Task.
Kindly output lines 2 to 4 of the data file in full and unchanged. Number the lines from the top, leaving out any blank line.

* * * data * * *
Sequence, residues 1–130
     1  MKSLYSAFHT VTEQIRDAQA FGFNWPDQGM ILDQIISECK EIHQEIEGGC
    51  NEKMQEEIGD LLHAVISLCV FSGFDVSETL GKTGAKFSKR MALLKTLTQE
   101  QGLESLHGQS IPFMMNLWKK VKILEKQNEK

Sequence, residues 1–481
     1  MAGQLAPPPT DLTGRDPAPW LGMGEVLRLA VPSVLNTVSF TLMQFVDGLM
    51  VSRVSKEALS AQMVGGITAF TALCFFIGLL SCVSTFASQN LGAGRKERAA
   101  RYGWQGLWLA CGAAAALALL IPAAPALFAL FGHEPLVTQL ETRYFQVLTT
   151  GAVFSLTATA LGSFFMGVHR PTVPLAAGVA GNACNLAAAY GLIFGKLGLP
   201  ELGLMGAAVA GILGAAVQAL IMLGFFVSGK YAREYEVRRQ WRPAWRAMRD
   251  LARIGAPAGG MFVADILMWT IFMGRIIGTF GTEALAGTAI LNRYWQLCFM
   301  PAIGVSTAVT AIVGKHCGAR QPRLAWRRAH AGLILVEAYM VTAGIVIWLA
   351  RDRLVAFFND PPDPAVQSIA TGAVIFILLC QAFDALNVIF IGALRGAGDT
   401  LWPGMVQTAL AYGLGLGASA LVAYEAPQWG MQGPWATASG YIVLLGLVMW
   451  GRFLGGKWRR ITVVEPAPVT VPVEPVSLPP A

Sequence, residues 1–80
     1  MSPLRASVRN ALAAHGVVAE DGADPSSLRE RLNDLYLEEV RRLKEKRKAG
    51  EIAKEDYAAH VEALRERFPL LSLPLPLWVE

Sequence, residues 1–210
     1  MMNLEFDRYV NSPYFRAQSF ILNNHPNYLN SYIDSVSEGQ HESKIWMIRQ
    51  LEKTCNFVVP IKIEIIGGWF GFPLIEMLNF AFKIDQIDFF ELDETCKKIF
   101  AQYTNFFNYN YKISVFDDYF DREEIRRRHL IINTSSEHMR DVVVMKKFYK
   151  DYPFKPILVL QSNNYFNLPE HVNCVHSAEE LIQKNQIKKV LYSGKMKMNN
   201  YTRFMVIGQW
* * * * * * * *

     1  MKSLYSAFHT VTEQIRDAQA FGFNWPDQGM ILDQIISECK EIHQEIEGGC
    51  NEKMQEEIGD LLHAVISLCV FSGFDVSETL GKTGAKFSKR MALLKTLTQE
   101  QGLESLHGQS IPFMMNLWKK VKILEKQNEK